This is normal family life ... authentic, messy, beautiful, and never dull!
Of all the ways of “normalizing” Down syndrome, Instagram seems to be one of the best. Families post their own photos, beyond the slogans or preachy tone of many campaigns or movies. (Who else remembers the 90s TV series Life Goes On and its protagonist, Corky?)
In fact, there are more and more Instagram accounts of families with children with Down syndrome, helping to change the way people think about it and helping parents — both “experienced” and those who are still pregnant and just received the diagnosis — see a different and positive side to this life. Through these photos, we learn about the lives of children with Down syndrome and their families, but without the depressing atmosphere typical of television coverage — and without trying to make other people feel guilty.
Finally, after all this time, Down syndrome is finding a foothold in a place largely dominated, until now, by people showing off a sophisticated lifestyle, publishing saccharine “selfies,” and broadcasting scenes of their travels and elegantly served coffee. Among all the faces on Instagram, that of a smiling child with Down syndrome is one of the most beautiful.
Parents discovering the beauty of their special needs kids
Amanda Booth is a popular model and actress, with a tanned body, long blonde hair, and features like young Michelle Pfeiffer. Her Instagram account is full of photos reflecting the life of a beautiful, successful woman.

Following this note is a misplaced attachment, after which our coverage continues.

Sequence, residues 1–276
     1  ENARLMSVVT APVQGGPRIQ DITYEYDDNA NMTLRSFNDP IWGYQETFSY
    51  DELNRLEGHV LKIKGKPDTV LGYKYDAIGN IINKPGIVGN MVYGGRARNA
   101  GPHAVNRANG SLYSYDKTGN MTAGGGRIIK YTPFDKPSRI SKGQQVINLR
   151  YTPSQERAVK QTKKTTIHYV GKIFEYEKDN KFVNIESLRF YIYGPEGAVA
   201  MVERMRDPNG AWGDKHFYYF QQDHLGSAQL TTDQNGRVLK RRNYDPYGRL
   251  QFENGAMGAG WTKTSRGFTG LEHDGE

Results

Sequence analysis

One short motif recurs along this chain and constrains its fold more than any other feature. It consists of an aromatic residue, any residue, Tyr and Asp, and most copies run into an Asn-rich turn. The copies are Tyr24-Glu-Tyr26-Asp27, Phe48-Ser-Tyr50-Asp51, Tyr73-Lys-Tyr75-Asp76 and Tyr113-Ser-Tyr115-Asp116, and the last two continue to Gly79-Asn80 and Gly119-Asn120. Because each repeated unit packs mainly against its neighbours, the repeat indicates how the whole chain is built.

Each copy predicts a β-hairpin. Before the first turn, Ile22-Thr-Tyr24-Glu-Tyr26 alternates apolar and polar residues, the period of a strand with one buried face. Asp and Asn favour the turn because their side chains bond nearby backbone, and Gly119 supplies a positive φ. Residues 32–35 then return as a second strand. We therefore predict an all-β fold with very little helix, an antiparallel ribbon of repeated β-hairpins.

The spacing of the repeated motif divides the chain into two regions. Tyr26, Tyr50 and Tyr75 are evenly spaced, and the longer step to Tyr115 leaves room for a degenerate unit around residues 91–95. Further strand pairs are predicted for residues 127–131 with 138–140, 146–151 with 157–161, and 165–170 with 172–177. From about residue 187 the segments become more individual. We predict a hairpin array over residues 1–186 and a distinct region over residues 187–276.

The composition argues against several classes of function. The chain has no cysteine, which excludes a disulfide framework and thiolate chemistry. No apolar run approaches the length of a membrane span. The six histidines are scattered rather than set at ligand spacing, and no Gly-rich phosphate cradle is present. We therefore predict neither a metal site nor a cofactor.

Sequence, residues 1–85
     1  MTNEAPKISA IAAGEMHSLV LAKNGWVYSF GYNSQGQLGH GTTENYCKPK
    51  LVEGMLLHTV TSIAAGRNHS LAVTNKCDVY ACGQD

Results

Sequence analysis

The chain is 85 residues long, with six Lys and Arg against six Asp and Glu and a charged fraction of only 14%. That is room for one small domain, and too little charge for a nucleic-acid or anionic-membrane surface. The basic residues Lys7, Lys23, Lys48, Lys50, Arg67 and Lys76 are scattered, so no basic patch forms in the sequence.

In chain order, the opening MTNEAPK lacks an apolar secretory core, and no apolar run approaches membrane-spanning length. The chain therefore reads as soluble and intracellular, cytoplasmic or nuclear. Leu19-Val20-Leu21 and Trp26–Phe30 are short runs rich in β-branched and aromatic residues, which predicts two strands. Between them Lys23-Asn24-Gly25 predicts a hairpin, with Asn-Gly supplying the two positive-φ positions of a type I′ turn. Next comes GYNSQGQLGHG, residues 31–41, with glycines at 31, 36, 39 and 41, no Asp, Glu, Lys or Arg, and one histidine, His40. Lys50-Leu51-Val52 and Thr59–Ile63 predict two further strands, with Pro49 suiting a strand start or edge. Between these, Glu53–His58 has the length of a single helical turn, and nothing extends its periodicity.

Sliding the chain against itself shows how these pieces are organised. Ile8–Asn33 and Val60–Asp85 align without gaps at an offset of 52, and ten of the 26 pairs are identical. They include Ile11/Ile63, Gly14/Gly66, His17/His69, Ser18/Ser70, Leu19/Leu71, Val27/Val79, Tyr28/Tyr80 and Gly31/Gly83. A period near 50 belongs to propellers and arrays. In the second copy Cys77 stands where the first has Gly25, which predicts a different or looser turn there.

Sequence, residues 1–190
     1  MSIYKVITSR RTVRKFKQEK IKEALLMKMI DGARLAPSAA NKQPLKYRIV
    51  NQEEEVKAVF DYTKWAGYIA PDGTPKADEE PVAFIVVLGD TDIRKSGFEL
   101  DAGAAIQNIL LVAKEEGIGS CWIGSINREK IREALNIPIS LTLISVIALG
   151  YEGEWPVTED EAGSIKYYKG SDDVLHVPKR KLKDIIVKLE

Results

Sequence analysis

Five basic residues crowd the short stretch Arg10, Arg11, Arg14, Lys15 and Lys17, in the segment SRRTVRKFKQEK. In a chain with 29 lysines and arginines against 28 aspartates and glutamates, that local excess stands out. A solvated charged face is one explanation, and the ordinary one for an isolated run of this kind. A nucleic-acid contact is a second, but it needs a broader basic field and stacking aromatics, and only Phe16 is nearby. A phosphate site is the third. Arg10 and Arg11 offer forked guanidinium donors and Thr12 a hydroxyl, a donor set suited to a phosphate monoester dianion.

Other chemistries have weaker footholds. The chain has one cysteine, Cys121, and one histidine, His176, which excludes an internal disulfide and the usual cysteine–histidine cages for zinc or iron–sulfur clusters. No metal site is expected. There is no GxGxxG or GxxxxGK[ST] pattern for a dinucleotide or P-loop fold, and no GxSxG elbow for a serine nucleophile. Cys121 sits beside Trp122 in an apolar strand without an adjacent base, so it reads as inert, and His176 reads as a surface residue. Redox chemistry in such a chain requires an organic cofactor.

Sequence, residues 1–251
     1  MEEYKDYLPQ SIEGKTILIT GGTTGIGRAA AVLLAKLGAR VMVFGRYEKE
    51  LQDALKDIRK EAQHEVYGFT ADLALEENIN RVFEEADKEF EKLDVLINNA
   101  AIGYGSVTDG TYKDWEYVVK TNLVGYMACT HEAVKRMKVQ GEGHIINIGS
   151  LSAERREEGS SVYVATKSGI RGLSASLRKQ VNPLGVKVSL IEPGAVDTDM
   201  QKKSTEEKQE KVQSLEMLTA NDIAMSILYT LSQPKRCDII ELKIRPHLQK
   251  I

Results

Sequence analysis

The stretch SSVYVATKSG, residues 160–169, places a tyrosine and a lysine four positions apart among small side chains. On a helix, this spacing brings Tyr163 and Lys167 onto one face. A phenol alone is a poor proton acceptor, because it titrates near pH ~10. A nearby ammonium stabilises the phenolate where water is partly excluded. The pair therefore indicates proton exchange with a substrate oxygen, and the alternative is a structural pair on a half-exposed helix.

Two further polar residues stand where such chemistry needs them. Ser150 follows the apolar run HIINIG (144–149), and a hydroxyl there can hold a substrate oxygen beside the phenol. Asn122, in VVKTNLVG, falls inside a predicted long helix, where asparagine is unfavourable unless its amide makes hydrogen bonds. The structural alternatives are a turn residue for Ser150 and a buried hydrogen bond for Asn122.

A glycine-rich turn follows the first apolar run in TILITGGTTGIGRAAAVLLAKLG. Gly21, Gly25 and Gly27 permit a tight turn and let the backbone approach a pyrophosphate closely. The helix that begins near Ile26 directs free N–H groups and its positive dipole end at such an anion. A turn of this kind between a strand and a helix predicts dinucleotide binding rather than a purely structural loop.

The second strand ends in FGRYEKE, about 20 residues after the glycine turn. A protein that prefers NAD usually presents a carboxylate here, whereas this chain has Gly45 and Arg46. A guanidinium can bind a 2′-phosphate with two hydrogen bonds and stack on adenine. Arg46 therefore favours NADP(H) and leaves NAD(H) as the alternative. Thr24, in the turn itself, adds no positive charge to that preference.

But among the pictures of the fashion world and her luxurious daily life, there are snippets of a perfectly traditional, happy motherhood with a child with Down syndrome. The fact that her son has Down syndrome can only be seen after a closer analysis of Amanda’s photos; at first glance, he’s just a sweet boy in cool clothes in the arms of an attractive mom. Amanda was unaware of her child’s condition while she was pregnant. She had planned a quiet birth at home with her midwife and husband, but what happened was totally different: a hospital visit and pre-term induction. And then the diagnosis.
“I was so scared. It was the moment when everything started to go completely wrong with the plan. But now I see that there’s so much beauty to discover when you just let go,” she wrote on her son’s third birthday. “I can’t give up, now that I see Micah’s determination. I know I must prevail so he can keep trying with the same intensity for the rest of his life. He needs that example,” she added a few days later.
Instagram is a social platform where sharing motherhood experiences has become a daily ritual, and even a way of life, for many women. Thousands of bloggers work this way.
They usually publish photos of their toddlers, showing off their clothes, furniture, or toys. Accounts full of photos of little feet in stylish sandals and baby bottoms in handmade onesies are most popular. Of course, not every account is a chronicle of shopping at a baby goods store. There are moms writing about child-rearing, Montessori schools, or diets. Many insta-blogs are valuable mines of knowledge and treasures of inspiration for other parents.
It would seem that, despite all the baby-related topics, disability has not been a popular subject — at least not on Instagram, which is mainly centered on lifestyle. But why not? “Instagram is a visual medium, oriented towards communication through aesthetics, and can be a vehicle for showing differences and beauty,” says Karolina Królik, a mother of a daughter with Down syndrome. She is an example of someone helped by Instagram (among other elements) to accept the new family situation that came with her child’s diagnosis.
“For parents expecting a child with Down syndrome, Instagram accounts on this topic are a great source of encouragement and inspiration. Their authors prove that life with Down syndrome can be normal and full of love and joy. They prove that children with Down syndrome can be a source of pride for their parents, that their everyday life can be enjoyable, and that it is worth sharing their successes.” she adds.